The Airborne Toxic Event's Mikel Jollett Talks Touring, Chain-Smoking and Bottles of Scotch

Mikel Jollett understands what it's like to have a no-good, very bad week.

As the front man for L.A.'s The Airborne Toxic Event, he's known for his serious-man's lyrics and moody, oft-brooding subject matter. The heaviness of his lyrics have roots in reality, though.

In his former life, Jollett was a writer and novelist, taking the leap into musical mastermind only after a series of life fuck-yous hit him one after the other. From learning of his mom's cancer diagnosis to facing his own health crisis in the same week -- a diagnosis of an immune disorder that sparked a struggle with alopecia and vitiligo, coupled with the demise of a relationship -- Jollett found himself facing one struggle after another, and feeling totally alone during the process.

He learned to confront those struggles in the form of his lyrical musings; through his music, he has created a world in which he confronts the demons head-on, set to the tune of Airborne's symphonic melodies and wicked violas.

Fortunately for us, the sparkling synth, orchestral aspects, and echoing guitars that play among the band's melodramatic, angsty anthems keeps the seriousness of the subject matter from jumping ship into uber-depressing territory. Their unique collaboration of upbeat instrumentation laced in with Jollet's bitter crooning leaves listeners feeling like they've peeked into a collection of thoughtful poetry rather than a mad man's cynical rants, no matter how heavy the subject matter may be.

"When you write songs, you sit down and communicate, and present your struggle," says Jollet. "You write because you feel weird about yourself, and then you write and feel less strange, and you're not so weird to yourself."

'I've had that experience," he continues. "Hearing an album or a song and going, 'Wait -- what the fuck? Someone else knows what it's like to feel like that?' It's all kind of this big absurd thing, the tragedies in real life that have been shared by so many people."

As cathartic as the experience of purging emotions and turning them into the lyrics was, it wasn't a quick transition for Jollett to make, despite his years as a novelist.

"[The] first album I wrote like 100 songs -- I can't explain it - but it's new," he says.

"As a writer, I'd spent years and years locked in a room and learning steps and following rules," he continues. "Five years and I must have written a million-ass words, like a machine and I'd just read and write and read and write in my tiny, one room apartment with a bed and a desk and a bunch of bottles of scotch, and I'd chain smoke and lay around and write."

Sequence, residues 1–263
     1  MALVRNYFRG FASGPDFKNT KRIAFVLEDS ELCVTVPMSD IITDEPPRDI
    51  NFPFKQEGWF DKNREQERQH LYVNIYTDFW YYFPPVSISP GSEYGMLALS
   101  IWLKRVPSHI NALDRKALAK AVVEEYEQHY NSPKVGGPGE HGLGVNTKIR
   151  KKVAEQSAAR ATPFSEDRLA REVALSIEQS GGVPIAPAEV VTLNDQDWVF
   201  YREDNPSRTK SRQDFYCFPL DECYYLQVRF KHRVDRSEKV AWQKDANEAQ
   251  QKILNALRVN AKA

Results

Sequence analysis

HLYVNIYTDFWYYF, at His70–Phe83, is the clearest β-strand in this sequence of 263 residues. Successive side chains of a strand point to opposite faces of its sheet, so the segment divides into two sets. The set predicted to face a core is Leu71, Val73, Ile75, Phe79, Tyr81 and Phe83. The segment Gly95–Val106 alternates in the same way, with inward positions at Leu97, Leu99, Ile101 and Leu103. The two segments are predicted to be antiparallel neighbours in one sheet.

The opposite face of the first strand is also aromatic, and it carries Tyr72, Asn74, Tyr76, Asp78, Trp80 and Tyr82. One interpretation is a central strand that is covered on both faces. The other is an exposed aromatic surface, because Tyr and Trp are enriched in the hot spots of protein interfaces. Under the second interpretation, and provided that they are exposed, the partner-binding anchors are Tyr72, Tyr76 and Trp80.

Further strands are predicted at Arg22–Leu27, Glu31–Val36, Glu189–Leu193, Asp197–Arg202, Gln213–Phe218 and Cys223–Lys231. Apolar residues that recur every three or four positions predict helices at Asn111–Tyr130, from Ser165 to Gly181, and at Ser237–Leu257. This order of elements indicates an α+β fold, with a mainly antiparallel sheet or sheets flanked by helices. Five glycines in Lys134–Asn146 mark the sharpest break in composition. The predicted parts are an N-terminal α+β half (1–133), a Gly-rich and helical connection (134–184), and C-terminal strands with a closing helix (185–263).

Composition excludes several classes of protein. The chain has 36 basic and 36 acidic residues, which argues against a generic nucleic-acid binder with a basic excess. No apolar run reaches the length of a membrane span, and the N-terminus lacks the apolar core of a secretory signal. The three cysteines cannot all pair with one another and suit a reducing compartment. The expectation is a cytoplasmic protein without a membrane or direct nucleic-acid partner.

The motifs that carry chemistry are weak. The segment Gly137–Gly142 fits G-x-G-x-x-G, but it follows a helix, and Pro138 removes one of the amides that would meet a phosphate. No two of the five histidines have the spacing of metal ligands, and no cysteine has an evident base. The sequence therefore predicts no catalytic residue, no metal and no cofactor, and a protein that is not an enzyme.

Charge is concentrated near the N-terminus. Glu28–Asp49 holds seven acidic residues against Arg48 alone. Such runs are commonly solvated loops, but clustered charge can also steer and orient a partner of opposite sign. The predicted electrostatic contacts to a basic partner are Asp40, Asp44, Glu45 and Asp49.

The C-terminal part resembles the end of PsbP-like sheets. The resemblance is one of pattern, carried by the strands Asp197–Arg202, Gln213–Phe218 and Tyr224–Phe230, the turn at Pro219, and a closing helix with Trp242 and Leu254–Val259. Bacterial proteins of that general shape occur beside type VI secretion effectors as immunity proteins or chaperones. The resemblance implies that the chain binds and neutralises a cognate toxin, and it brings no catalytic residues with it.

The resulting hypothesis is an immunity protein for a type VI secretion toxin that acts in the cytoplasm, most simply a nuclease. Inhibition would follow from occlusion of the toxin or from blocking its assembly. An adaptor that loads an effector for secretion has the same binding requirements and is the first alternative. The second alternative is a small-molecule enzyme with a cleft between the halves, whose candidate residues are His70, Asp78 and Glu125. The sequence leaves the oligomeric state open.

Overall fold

Those 100 songs translated into an album, which led quickly into a massive tour; the band played nearly 350 shows to promote that first album. They have no plans to slow down now, despite the growing critical acclaim for both of TATE's subsequent albums.

"We're a live band primarily; we stay on the road," he says. "That's who we are. That's just the nature of it. And you're learning every night. You're learning about yourself and your songs and like it's the last night on earth, and you really don't give a fuck that it is."

The persistence of staying on the road for seemingly endless tours has paid off, though. Airborne is currently embarking on easily their biggest tour to date, and they've sold out nearly every seat, much to the amazement of Jollett.

"I don't ever understand what's happening and I understand the idea that you can have one hit and go huge and disappear," says Jollet, "but there's two thousand people singing to all of our songs and all these people singing along -- it's mind-blowing." .

"I don't understand where it's coming from -- who we are, and why," he continues. "There was a show where all the front row was filled with people with Airborne tattoos -- I don't quite get it, or how it happened -- but I'm grateful for it."

Jollett clearly thrives in a life spent onstage, making it clear he craves the high from performing, no matter how heavy his subject matter can be.

"You're sweating, screaming, pounding, and it's fucking rad," he says. "It's the funnest thing."

The Airborne Toxic Event performs tonight at House of Blues, 1204 Caroline. Doors open at 7 p.m.

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